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Practically Shooting

Instructor Louis Awerbuck is Dead


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I wouldn't say I was close, and don't know if anyone was except for his long time girlfriend Leigh. I'm probably being presumptuous by calling him a friend. I've had several classes from him and shared some meals.

He was the odd combination of being probably the most closed off person I've known, yet one of the most helpful.

He'd do anything for you at the drop of a hat except talk about himself.

Louis was the most gifted teacher I've known or heard of. And I mean gifted.

He had all the required attributes plus some extra abilities that were almost eerie.

His was known for his diagnosis skills, and he could indeed spot the smallest things immediately. I've used the example before that he'd give a command like "fire 2 to 6 rounds to either head or body", give the command to shoot, and by the first shots fired he would give at least three corrections.

"Bill, that safety came off a little early; Tom, you got a sloppy grip on your pistol in the holster, didn't you; George, you're about to mash that trigger..."

I can't see things happen a that fast. He could see it, analyze it, get the words out, even while calling people by name (when I couldn't remember the name of the guy next to me). And I'm describing things happening all across a line of 12 shooters, not three people standing together.

People said he had eyes in the back of his head, and he must have. He'd see things while looking the other way. I don't know how many times I've heard people ask "How the F did he see that?".

I heard a good story in that realm this week. It happened at a Gunsite rifle class. Louis was walking away and heard someone run their rifle's bolt. He stopped, turned, and said "You short stroked that one. Better check the chamber." Sure enough, the chamber was empty. He knew from the sound, and he hadn't even been listening for it.

That came from his knowledge of weapons. He didn't just know the 1911, Glock, AR, and 870. I don't think I ever came to his class with a very common gun, but he was always familiar with them and taught me things about using them.

And his mindset/tactics/procedures were almost so simple and straightforward they would leave you feeling stupid if you hadn't thought of it before.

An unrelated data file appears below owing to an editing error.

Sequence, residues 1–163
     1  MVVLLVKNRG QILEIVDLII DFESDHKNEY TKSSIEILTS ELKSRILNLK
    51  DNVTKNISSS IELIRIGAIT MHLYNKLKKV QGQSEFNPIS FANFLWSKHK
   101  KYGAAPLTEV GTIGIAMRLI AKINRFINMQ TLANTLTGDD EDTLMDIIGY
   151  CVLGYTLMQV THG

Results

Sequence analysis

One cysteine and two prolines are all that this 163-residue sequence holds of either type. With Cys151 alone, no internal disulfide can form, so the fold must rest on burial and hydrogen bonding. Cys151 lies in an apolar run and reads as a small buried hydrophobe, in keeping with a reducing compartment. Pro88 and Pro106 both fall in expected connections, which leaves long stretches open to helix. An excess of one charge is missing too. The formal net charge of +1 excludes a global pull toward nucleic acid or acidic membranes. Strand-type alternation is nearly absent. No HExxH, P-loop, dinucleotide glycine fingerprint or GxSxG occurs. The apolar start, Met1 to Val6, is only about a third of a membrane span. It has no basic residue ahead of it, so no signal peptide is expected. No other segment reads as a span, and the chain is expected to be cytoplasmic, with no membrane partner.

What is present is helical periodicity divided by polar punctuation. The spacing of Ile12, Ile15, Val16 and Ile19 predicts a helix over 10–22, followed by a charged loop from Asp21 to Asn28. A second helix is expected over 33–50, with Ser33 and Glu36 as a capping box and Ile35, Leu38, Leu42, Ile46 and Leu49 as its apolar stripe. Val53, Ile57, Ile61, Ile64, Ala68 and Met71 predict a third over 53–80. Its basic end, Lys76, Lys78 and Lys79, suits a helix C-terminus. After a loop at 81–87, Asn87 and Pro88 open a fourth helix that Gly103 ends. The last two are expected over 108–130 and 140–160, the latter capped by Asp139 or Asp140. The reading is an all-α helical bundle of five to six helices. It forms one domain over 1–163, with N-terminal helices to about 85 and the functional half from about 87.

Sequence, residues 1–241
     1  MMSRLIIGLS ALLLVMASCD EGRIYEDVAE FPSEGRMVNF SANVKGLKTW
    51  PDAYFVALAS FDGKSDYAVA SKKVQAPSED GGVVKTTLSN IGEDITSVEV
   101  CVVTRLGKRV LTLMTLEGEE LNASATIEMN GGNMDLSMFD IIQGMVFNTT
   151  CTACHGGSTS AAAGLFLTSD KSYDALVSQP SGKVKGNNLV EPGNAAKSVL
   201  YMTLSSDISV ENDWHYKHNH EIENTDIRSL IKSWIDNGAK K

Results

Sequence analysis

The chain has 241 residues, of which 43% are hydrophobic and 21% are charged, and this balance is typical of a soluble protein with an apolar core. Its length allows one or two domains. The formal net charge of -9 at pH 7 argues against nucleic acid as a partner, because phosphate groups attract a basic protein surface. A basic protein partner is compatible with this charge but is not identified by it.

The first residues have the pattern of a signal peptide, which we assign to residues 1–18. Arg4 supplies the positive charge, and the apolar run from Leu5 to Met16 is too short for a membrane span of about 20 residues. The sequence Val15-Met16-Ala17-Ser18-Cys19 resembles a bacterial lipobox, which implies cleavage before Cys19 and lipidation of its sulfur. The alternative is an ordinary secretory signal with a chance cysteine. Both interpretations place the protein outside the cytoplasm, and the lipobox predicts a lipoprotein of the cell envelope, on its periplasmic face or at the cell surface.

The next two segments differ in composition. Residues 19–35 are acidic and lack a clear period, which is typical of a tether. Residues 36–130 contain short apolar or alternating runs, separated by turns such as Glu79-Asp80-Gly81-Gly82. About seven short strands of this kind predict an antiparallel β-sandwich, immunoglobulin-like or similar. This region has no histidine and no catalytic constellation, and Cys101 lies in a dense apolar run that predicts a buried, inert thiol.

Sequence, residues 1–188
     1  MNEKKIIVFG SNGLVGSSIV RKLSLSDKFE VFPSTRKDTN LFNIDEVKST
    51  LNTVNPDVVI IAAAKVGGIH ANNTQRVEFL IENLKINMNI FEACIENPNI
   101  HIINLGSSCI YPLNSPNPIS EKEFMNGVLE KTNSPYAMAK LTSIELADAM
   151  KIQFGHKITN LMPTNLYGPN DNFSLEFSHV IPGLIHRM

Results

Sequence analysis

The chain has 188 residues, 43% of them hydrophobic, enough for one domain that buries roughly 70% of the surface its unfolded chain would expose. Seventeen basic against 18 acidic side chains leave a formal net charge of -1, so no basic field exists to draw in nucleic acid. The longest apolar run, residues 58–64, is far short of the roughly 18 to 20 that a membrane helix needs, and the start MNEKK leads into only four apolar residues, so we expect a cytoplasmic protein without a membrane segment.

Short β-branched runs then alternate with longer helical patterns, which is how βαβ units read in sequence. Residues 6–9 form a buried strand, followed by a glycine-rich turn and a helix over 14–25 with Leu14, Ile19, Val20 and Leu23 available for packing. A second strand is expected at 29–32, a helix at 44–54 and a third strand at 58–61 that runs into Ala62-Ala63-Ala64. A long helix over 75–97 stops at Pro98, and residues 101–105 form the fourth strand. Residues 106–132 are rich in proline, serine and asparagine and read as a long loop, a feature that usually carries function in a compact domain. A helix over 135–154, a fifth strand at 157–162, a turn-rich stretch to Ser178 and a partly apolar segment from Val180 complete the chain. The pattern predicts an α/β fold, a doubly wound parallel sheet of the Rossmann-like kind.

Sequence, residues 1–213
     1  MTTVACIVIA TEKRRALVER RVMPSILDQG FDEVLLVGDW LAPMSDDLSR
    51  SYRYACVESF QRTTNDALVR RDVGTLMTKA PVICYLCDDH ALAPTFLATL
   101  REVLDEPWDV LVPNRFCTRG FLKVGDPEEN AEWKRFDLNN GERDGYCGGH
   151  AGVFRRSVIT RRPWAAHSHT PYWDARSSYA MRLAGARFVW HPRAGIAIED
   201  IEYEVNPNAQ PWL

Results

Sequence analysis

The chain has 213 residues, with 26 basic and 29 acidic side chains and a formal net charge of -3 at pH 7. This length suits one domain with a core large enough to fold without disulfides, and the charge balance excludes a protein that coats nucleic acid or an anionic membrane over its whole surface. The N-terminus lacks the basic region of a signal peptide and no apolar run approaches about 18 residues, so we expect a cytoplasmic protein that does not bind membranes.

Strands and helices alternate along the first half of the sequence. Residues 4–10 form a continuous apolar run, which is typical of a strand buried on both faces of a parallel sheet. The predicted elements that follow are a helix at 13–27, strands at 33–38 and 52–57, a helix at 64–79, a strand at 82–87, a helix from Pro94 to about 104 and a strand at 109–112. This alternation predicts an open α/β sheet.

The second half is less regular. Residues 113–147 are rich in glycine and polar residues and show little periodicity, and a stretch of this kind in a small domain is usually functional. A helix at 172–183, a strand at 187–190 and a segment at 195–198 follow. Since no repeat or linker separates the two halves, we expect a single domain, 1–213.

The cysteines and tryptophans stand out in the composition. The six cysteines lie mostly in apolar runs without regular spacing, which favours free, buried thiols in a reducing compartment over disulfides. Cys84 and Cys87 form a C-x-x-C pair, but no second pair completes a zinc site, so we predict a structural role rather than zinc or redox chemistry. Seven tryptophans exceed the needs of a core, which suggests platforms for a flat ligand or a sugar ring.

He had the remarkable ability to say a lot with very few words. Any correction he made was done with only a few words but told you everything.

His mind was always working. "Devious" is a word I often heard applied to him.

He forced you to think.

He could come up with the simplest drill to get you rattled. He'd get super secret ice-in-the-veins "operators" so shook up they'd freeze, and do it with nothing more than a steel target or a plastic coke bottle stuck in the ground. The point was always to make you think.

You never expended a ton of ammo in his class, but each shot had a specific purpose.

He could discuss the 1911 vs Glock vs XD vs whatever, the tactics used in the tank battle of Kursk, quote Shakespeare or classic literature, or tell you the history behind a symphony. Jeff Cooper was like that, but he came from money and much of these things were part of his formal education. Louis just picked it up out of the desire to learn.

All the while, this skinny little 130 lb, graying man was probably the last person on earth I'd want to fight.

His steely glare was enough to make one realize they'd done something stupid and prevent it from happening again.

I don't know a lot about his past. He was born in South Africa and served in the South African Defense Force in a Special Services battalion, which I take it is sort of a special forces like unit. I believe he fought in that country's Border Wars in the 70s. I know he saw combat. He came to the US around 79 or 80, and attended Gunsite. He became an instructor at Gunsite and eventually Rangemaster there. Gunsite' shotgun program is basically Louis' program. He loved dogs, motorcycles, and 12 gauge slugs. He was a US citizen. He had no living relatives.

In the last couple of days, people have said there aren't many like him. That's a massive understatement. I don't think there is anyone like him.

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